LATEST figures show families are saving more - SINEAD RYAN

The Nationwide UK (Ireland) savings index which is a pretty good indicator of consumer sentiment shows that 41pc of people are now saving regularly, up from 35pc. "Most are still concerned with things like taxes and government policy (which favours the 'stick' rather than 'carrot' approach) but the real question is, why? Interest rates have never been lower. The strain on family incomes has never been higher. The tax on putting rainy day money away is a punitive 41pc.

The answer is fear. People don't tend to save when things are good, but they squirrel money away when they're fearful of what's coming down the road, which explains why, when there is precious little money to be made from banks, they're reeling in cash from worried depositors.

This week we're looking at where you can put your money to try and make a few bob.

Our table shows the latest interest rates for someone with, say,€100 a month to put away. Banks love regular depositors, even more than those with lump sums. And they need the cash. Even the lowest rates at just 1 or 2 pc p.a. are still well above inflation, so they're offering over the odds to attract customers.


There are things you need to watch out for, though, and not get bamboozled by the 'rate* on offer. It may not be all it seems. The Questions you need to ask before committing your cash are:

> Is there is a set term? Do you have to lock in your money for say, a year or more?

> Is the rate fixed or variable? Is it likely to change over a year?

> Can you access your money without penalty? Many accounts are fine with this, but others limit withdrawals to one or two a year.

> Is there a monthly limit on the amount you can save at this rate? For all the banks we surveyed, it's €1,000 p.m.

> Deduct DIRT tax from the gain (currently 4lpc) to get the real return. If you're over 65 you may be DIRT exempt.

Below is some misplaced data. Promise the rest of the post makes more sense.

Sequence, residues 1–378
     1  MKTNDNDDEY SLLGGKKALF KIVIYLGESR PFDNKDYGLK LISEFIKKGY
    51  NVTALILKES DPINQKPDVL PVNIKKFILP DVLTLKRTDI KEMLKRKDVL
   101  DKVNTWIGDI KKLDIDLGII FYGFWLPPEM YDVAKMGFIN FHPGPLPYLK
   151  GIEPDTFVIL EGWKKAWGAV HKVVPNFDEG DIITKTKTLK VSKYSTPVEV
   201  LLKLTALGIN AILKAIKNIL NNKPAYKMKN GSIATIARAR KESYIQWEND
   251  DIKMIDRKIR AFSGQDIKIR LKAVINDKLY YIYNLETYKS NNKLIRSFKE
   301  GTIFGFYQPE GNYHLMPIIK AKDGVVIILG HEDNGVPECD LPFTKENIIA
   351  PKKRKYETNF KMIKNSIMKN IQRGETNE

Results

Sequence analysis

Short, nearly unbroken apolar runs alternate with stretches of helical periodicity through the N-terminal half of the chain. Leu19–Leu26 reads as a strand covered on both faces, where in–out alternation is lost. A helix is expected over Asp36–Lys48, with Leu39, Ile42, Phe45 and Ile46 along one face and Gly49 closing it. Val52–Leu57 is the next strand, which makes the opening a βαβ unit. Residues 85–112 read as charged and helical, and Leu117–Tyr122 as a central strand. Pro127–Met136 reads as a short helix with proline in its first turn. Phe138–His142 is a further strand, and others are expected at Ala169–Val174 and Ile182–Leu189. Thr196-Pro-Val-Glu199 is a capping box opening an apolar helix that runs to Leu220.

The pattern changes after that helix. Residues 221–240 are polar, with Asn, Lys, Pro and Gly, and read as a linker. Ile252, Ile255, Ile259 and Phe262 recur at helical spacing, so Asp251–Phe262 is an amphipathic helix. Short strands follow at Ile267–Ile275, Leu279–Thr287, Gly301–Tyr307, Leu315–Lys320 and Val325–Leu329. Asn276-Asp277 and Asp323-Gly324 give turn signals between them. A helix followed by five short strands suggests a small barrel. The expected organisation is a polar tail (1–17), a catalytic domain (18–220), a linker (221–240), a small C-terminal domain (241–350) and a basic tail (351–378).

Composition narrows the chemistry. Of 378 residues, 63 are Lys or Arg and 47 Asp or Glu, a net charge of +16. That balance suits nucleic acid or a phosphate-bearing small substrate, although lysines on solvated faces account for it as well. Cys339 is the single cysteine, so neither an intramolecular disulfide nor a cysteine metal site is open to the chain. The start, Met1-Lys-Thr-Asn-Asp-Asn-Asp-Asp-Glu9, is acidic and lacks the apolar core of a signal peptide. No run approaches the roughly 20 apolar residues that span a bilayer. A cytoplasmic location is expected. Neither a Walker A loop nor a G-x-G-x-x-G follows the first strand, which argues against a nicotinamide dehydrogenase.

> Would you be better off in the Post Office? Buying prize bonds may seem old fashioned, and carries no interest at all, but your money's safe and any winnings you make are tax free.

> Understand the terminology. All banks must show the AER (annual equivalent rate), which is important if the "gross" rate is higher, e.g. the term of your contract is more than one year.

> When is interest paid? With many accounts it's only once a year, and if you withdraw before that time, you may lose money.

You can often secure a better interest rate in two ways: by leaving the money there for longer, e.g. at least a year and secondly, by having a fixed notice access. In other words, you have to give the bank notice of withdrawals and can't access it whenever you like. Notice periods range from seven days to three months, but it's by no means guar-anteed that a longer notice period means a better rate, so always ask.

When setting up a deposit account you will be asked for lots of ID. This is money laundering legislation and not the bank's fault. Typically it will include a State document with a photograph, e.g. passport; evidence of your address by way of utility bills and possibly a bank statement.

Good websites to check current rates are www.consumerhelp.ie, bonkers.ie and moneyguideireland.



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